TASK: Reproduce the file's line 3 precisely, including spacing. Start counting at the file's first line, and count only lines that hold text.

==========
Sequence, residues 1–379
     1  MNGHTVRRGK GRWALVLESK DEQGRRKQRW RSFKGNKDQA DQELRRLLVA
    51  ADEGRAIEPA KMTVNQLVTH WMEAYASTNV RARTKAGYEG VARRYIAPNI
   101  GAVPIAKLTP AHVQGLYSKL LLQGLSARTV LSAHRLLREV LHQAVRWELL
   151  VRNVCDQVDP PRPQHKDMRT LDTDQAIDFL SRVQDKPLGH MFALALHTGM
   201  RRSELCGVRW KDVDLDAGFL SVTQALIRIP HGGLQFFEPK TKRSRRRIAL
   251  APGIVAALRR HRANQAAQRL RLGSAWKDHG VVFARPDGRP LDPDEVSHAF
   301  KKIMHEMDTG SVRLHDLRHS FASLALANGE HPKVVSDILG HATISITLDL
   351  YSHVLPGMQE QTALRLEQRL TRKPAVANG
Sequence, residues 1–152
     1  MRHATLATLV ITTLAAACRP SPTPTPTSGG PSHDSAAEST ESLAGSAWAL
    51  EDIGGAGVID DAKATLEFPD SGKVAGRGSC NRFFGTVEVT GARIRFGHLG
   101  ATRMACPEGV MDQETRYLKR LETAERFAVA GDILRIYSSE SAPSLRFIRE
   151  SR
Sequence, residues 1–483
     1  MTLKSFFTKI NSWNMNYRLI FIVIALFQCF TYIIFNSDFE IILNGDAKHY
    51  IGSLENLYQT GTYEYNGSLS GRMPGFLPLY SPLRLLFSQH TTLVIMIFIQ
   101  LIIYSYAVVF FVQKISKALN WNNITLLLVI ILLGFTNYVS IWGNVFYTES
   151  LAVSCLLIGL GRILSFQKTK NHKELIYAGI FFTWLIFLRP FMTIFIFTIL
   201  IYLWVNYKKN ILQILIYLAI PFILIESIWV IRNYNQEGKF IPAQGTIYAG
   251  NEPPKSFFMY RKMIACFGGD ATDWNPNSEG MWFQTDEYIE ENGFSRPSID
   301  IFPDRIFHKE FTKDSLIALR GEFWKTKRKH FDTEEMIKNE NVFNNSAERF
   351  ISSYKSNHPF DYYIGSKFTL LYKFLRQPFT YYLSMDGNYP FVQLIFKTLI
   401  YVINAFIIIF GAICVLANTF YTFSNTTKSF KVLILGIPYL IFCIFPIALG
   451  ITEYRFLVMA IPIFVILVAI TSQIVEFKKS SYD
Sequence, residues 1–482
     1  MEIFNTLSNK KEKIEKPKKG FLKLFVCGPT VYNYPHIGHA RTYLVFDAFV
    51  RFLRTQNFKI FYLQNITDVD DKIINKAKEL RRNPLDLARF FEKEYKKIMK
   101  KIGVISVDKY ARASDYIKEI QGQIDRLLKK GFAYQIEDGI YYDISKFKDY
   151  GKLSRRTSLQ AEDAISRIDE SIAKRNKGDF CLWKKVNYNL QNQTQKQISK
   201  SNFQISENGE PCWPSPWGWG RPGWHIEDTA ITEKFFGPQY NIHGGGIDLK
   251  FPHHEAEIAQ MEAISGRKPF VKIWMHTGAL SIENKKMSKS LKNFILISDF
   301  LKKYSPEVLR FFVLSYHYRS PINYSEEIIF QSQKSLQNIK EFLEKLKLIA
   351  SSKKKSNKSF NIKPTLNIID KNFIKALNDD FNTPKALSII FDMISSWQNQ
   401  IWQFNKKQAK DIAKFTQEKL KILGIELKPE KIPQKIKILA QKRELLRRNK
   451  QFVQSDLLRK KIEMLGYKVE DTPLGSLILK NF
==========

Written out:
    51  ADEGRAIEPA KMTVNQLVTH WMEAYASTNV RARTKAGYEG VARRYIAPNI